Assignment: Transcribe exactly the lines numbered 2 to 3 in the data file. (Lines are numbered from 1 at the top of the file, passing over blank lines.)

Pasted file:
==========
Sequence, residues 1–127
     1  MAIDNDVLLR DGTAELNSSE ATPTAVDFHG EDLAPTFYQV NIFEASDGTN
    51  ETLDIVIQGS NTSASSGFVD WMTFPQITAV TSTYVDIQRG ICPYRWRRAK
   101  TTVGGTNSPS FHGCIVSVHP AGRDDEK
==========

     1  MAIDNDVLLR DGTAELNSSE ATPTAVDFHG EDLAPTFYQV NIFEASDGTN
    51  ETLDIVIQGS NTSASSGFVD WMTFPQITAV TSTYVDIQRG ICPYRWRRAK